What attracts you to suspense as a genre?
Any book you feel compelled to finish needs to create narrative desire—that feeling that you have to know what happens, know where the story is going. Suspense is one of the most forceful ways to create this desire, and that compulsion to turn pages is one of my favorite feelings.
Dead Letters has such a specific structure, in that it's framed around the letters of the alphabet, but within that framework, some incredibly wild things happen. Was it liberating in some ways to work within such a structure?
Yeah, absolutely. One of the inspirations for Dead Letters is the OuLiPo movement, a French literary group who believed that constraint and limitation generate more creative writing; Ava is writing her dissertation on these dudes and on Edgar Allen Poe, incidentally. Though I didn’t intend to put the Oulipian philosophy to the test, I found that as I was writing these alphabetical clues, clues which had to occur in structured and organized ways, I was able to experiment and find out more about my characters and what they were up to. Certainly writing the pangrams required a very different type of creativity.
How do you go about writing a book like this? Did you know the ending as soon as you started? Were there any narrative surprises for you along the way?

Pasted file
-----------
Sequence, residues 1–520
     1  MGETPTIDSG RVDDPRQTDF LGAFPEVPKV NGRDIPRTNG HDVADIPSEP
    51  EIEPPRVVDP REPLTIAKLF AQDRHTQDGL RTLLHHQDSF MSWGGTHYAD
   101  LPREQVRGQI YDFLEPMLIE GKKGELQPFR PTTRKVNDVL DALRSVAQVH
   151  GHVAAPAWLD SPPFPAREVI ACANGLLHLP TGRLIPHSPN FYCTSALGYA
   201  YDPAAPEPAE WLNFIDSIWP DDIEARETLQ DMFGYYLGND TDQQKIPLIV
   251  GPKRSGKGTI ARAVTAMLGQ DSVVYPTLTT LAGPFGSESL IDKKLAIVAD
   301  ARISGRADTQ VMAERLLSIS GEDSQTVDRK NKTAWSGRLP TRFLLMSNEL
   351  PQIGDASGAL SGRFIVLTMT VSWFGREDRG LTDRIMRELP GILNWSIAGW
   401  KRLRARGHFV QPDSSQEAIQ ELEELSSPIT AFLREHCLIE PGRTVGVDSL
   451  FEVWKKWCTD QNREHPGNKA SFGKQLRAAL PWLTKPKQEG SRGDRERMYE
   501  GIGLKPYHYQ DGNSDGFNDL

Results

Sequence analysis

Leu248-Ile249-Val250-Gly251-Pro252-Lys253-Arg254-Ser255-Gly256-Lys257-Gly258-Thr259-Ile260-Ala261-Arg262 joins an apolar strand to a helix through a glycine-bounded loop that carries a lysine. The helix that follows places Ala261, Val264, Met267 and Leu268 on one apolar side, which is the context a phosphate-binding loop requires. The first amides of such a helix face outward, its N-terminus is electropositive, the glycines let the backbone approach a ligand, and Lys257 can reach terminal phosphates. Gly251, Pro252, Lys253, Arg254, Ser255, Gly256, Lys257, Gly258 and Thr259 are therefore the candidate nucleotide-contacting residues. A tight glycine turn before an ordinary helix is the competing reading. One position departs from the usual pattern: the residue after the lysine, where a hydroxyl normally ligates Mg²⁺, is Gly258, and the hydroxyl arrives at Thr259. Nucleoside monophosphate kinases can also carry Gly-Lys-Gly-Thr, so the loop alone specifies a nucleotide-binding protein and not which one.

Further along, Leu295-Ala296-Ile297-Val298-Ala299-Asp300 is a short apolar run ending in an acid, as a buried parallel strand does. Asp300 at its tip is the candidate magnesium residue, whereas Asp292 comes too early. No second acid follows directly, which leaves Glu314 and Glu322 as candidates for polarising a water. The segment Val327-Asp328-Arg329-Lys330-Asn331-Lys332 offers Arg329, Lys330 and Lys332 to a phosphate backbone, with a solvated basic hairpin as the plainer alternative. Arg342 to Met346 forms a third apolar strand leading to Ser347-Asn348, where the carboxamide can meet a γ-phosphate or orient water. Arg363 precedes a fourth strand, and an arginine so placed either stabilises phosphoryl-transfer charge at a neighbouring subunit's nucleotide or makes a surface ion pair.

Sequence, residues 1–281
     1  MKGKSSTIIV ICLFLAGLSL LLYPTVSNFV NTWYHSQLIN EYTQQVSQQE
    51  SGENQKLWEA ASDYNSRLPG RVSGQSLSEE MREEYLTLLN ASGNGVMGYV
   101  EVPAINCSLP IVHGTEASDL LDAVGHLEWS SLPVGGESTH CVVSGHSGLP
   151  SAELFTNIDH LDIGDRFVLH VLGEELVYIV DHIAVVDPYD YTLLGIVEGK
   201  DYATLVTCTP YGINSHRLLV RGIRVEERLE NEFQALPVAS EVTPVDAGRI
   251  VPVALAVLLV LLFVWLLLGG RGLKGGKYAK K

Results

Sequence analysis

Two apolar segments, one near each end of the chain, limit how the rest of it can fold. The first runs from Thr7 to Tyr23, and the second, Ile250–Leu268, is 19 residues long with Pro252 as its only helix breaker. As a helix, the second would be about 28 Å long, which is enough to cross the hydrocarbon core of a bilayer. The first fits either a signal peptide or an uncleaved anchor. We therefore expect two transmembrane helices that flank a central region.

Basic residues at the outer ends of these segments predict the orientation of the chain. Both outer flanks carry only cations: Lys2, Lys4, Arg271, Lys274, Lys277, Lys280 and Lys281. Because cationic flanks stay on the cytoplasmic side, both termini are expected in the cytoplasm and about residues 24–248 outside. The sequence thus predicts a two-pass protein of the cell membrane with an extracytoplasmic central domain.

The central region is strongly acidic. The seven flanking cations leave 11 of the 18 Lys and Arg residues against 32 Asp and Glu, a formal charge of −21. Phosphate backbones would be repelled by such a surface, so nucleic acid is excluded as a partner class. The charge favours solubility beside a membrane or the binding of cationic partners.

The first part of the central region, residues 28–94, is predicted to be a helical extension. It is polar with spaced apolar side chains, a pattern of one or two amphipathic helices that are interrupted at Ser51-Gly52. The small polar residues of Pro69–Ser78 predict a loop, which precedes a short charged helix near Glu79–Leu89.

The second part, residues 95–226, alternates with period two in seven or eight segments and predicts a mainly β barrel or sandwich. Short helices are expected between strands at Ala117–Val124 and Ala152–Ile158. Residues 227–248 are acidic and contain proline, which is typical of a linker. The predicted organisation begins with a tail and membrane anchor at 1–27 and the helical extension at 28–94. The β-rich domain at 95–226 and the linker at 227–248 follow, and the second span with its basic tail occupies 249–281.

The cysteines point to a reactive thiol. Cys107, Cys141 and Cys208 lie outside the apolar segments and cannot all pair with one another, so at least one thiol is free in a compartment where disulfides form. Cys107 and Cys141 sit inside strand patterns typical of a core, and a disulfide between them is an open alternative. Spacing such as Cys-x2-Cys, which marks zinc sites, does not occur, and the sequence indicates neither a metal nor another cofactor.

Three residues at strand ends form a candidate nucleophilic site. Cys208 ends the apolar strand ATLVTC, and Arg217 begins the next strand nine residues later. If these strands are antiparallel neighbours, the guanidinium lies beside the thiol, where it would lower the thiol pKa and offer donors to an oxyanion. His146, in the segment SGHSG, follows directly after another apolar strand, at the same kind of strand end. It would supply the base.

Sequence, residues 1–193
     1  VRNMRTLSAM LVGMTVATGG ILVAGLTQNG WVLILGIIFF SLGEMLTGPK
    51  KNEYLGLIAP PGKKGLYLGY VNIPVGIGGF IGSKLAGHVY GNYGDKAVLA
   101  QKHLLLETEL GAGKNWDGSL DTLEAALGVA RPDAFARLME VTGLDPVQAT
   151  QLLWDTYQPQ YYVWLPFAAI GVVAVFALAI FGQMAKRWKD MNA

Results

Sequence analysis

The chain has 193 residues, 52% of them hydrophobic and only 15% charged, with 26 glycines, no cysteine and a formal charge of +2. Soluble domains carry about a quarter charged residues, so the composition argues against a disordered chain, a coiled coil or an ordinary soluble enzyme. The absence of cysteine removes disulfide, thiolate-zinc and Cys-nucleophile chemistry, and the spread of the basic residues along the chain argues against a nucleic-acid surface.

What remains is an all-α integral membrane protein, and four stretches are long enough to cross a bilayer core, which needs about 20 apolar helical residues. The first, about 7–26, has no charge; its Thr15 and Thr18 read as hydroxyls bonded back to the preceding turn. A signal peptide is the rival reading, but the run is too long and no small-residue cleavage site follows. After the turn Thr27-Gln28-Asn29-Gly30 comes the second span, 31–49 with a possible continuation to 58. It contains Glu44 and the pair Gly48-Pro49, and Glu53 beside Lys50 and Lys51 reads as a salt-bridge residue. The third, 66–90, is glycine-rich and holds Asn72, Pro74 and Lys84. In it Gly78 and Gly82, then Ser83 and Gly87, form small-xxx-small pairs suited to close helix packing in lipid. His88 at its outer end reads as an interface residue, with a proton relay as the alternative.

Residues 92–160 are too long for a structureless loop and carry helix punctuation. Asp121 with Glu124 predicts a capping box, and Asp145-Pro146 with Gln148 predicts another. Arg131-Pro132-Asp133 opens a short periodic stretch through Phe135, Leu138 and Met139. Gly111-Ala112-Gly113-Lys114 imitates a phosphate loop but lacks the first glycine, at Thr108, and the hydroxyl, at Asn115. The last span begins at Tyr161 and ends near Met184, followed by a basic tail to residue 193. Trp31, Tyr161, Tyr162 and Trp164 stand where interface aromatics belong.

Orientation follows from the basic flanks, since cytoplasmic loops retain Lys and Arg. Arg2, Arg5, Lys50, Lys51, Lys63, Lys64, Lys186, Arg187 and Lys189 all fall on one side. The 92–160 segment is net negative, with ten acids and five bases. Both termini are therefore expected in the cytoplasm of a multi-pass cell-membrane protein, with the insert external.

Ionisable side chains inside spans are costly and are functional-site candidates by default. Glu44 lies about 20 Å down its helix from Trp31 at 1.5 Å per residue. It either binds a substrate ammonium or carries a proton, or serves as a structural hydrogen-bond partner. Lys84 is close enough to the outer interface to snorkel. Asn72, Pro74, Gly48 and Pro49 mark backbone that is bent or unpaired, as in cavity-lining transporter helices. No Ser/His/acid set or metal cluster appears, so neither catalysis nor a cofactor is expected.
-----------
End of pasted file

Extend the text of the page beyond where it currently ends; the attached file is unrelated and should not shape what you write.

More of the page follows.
I definitely encountered a few plot twists that I didn’t know about when I began—the biggest reveal for me was the alphabetical structure, which I figured out about the same time as Ava did. The ending was more or less how I imagined it at the beginning, but getting from those first few pages—from Ava’s return home— to those final scenes was fairly suspenseful for me!
While this book is pretty much the epitome of a page-turner, it doesn't sacrifice any of its literary integrity. How do you feel about being a part of a genre that's really starting to explode in popularity?
I love that tense, dark thrillers written by women are having a bit of a cultural moment. Clearly, people are hungry for this type of fiction—books that have a lot of plot and creepiness, but that are still invested in language and those traditionally “literary” conventions that people often still tend to think are the sole purview of literary fiction. I’d love to see some of those fussy ideas about genre dissolve.
This book is set in New York's Finger Lakes region; what makes that area so special to you?